As we have seen in class, the velocity of a point P moving through space is always TANGENT to the path of P. On the other hand, the acceleration of P has BOTH normal and tangential components:
The tangental component of acceleration is the "rate of change of speed":
- If the speed of P is INCREASING, then the angle theta is less than 90 degrees.
- If the speed of P is CONSTANT, then the angle theta is equal to 90 degrees.
- If the speed of P is DECREASING, then the angle theta is greater than 90 degrees.
The normal component of acceleration is known as the "centripetal" component. It is proportional to the square of the speed, and inversely proportional to the radius of curvature of the path. The centripetal component of acceleration ALWAYS points toward the insider of the curved path. The normal component of acceleration for a straight path is ZERO - why??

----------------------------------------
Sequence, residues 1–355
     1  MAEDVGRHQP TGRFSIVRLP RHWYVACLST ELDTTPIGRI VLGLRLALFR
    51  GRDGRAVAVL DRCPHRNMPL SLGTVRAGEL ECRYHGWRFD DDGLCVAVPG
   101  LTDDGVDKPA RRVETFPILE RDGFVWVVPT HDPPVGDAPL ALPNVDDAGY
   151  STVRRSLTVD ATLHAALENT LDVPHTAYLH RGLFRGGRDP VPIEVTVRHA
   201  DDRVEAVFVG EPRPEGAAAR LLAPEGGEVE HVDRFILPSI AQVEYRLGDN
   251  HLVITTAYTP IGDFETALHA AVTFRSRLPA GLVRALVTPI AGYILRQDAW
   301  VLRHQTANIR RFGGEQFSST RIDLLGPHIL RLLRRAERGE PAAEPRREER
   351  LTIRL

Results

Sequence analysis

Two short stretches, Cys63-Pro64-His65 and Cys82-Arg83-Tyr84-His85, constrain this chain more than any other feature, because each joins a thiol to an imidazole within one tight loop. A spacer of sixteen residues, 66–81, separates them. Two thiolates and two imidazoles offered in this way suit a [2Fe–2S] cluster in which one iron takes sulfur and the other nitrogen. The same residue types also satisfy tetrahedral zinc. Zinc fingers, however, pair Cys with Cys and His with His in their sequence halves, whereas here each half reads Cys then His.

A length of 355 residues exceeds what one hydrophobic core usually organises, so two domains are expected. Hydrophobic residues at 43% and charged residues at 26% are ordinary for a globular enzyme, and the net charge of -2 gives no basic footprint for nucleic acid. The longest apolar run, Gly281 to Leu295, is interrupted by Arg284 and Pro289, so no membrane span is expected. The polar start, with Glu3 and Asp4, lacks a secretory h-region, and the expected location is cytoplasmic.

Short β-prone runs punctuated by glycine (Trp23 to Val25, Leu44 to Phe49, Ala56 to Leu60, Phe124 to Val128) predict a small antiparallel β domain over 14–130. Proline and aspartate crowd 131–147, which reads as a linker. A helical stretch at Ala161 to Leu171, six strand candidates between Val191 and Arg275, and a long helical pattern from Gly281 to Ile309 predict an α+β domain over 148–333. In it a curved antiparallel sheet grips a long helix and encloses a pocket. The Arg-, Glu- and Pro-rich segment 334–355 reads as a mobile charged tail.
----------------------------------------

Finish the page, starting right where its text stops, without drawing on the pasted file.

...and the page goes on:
Watch the animations below. On the left side, P is traveling with a constant speed; as discussed above, there is a 90 degree angle between velocity and acceleration. On the right side, P moves with increasing/decreasing speed. When the speed is increasing, the angle between v and a is less than 90 degrees, and greater than 90 degrees with the speed is decreasing.